– Reviewed by John Mee –
Declare is one of a trio of publications by Geraldine Clarkson in 2016. Its arrival in June followed the appearance of a dozen of her poems in Primers: Volume One (Nine Arches Press) in April, and preceded the publication of a second pamphlet, Dora Incites the Sea-Scribbler to Lament (smith|doorstop), in October. Clarkson, a Midlands poet with roots in the West of Ireland, has also had an impressive run of success in recent poetry competitions. This creates high expectations for Declare, and it does not disappoint.
These poems are strikingly musical; according to Clarkson’s description of her creative process, “the sound always comes first”. There is, of course, a danger that emphasis on the sonic dimensions of a poem may come at the expense of the sense. However, Clarkson’s work is also marked by intelligence, a command of tone, and an underlying seriousness. In truth, there is sometimes such exhilaration and skill in her music and wordplay that all reservations are disarmed.
A good example of this exuberance is “T-E-N-G-U” (currently available to read at Tears in the Fence). Its subject is a “[m]ythical Japanese flying creature, associated with spirits of priests and nuns, neither damned nor blessed”. The prose poem gives a surreal commentary on the creature, featuring a recurring, energetic riff on its name. For example:
Tengu—in Anglo-Saxon, Tengu. In letters, Renga; in South American dance, merengue, tango. …
In Chinese, Den-gu. In nursery English, Ten-
gooey. In primary-based colours, tangerine. In prime numbers, ten-minus-3-gu; in Kazakhstan currency, tengeh. …
In Australian, Ken-do. In Betweenheavenandhell, Tengu.
“T-E-N-G-U” is one of eight prose poems which are amongst the strongest in the pamphlet. In the menacing fairy-tale of “When we awake”:
the eldest brother—it is so obvious that they are brothers, the Slavic cheekbones, the gold-red hair—is livid, his face reflecting rays off the tucked-in body on the bed, whose carefully splayed limbs wait under the sheet, as if in anticipation of death-as-masseur. His eyes hook the younger brothers’ eyes in a kind of hateful crochet. Murderous words like ‘inheritance’ hop in the static.
The title poem, “Declare” is a lyrical retelling of the two first “joyful mysteries” of the Catholic rosary, the Annunciation and Mary’s visit to her cousin, Elizabeth:
the two of us mothers circled in a hoary girdle, like a cat’s cradle, blushing at each other, our bellies brought into contact, kissing, me sensing the rough spurt of the one who is before the one he is to go before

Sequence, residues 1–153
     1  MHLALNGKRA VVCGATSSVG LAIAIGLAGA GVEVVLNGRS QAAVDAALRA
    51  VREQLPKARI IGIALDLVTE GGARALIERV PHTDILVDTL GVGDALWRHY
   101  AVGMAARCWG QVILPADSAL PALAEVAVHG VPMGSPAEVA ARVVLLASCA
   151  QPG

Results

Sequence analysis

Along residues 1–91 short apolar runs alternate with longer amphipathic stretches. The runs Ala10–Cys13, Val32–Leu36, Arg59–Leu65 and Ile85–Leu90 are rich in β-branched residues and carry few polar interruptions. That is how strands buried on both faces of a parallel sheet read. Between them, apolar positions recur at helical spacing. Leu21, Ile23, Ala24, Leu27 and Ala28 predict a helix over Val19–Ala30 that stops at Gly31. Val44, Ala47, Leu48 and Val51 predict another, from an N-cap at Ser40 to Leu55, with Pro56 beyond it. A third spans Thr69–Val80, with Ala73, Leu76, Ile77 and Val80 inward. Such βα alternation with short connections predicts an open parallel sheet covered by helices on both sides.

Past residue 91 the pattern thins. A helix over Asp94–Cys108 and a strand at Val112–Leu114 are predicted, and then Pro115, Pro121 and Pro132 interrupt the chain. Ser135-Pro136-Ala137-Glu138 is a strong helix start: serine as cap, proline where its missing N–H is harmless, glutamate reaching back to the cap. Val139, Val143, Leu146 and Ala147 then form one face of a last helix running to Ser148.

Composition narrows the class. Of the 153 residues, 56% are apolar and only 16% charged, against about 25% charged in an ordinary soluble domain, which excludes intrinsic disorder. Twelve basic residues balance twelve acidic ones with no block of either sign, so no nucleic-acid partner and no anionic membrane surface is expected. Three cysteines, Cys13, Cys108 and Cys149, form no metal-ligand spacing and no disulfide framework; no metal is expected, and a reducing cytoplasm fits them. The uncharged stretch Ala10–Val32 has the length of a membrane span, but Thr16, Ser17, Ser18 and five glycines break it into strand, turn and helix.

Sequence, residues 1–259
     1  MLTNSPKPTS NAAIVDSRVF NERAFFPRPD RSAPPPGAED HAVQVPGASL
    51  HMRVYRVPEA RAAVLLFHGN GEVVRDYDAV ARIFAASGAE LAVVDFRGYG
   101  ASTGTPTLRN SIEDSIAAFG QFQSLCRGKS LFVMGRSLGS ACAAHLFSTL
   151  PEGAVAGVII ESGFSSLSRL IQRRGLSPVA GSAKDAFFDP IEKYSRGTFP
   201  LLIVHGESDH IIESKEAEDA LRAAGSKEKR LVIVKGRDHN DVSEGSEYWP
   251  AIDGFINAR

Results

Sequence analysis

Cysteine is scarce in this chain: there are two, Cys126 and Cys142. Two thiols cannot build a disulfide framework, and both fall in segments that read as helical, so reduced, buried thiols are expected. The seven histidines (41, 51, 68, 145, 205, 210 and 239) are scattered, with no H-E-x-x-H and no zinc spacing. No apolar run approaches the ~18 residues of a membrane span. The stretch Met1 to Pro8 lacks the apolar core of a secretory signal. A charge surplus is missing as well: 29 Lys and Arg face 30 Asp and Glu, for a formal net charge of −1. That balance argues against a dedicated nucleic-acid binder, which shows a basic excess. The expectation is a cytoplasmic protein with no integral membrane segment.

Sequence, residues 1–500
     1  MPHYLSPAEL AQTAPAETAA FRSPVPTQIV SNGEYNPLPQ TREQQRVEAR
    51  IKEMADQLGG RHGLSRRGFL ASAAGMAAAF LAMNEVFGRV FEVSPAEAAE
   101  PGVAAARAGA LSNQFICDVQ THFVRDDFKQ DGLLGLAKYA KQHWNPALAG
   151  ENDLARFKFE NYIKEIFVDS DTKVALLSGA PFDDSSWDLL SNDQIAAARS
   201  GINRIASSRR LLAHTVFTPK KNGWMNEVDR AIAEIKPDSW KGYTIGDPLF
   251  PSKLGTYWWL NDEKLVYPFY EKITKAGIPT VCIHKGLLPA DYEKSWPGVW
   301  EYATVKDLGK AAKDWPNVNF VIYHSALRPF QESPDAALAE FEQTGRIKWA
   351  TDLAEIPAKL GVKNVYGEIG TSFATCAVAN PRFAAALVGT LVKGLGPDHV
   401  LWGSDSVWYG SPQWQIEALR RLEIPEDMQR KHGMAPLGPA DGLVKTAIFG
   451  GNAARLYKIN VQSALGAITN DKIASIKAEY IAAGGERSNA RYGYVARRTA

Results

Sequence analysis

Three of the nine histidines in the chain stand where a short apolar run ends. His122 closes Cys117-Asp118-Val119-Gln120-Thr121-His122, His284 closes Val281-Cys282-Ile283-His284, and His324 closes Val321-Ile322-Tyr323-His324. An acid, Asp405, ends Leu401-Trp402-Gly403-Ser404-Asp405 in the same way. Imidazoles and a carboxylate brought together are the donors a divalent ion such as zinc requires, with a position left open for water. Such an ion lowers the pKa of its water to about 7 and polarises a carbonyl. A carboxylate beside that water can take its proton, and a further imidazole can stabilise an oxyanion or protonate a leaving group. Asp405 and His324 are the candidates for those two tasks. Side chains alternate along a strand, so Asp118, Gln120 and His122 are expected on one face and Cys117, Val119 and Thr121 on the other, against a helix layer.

The use in this poem of “rubicund”, which also features a few pages earlier in the intriguing “Leaving Glawdom by night–”, was one “rubicund” too many for me. The same minor point can be made about the repetition of “disembarrass[ed]” on pages 22 and 30.
Clarkson demonstrates her range in the brief and poignant “Brother”, the quirky “In Bushy Park”, and the surreal “Violette, Michaela et al, according to Mildred”. Although this poem has been singled out elsewhere for praise, a heavier touch is displayed in “Three Young Surrealist Women Holding in their Arms the Skins of an Orchestra, 1936 – Dalí”:
Her life shrunk now to two needers who dominated: her mother and her daughter. Her music no more than a cipher
Clarkson’s poems that take a more conventional form are no less distinctive than the prose poems. In “a young woman undressed me and”, the repeated disrobing of its helpless narrator is three parts medical (“we’ll get you undressed and then / we’ll see to that”) and one part sexual (“she touched my lip with a shapely thumb— / shhh, don’t fret. her voice like jinxed june breezes / in lime leaves.”).
“Before the Match” draws on a ceremony enacted by Dorothy and William Wordsworth on the morning of William’s wedding, whereby her brother slipped back onto Dorothy’s finger the wedding ring that she had worn through the night. The poem is both tender and oddly sinister. Dorothy sees the fiancée in the ring’s “grab of gold and emerald”:
her leaf-mould eyes—her thin waist—
her black rope of hair caught
like a noose on the neck
of an errant stallion—
her bell-voice calling out to
Billy, Billy, for help, but he’s stepped aside
to visit with me and is saying, Dear Sis,
things will be as they were.
There are many other memorable poems in the pamphlet, including “Love Cow” (which Clarkson discusses here), “Edwardiana” and “His Wife in the Corner”, as well as two, “Bus to Piura” and “The Retirement of Madame Poulay”, which are somewhat less complex and subtle than the rest.
Shearsman have produced a visually elegant book, its attractiveness increased by the cover image, a detail from a 15th century painting of The Annunciation by Jan van Eyck. Overall, this pamphlet is highly original, technically inventive, and emotionally satisfying. It deserves a wide readership.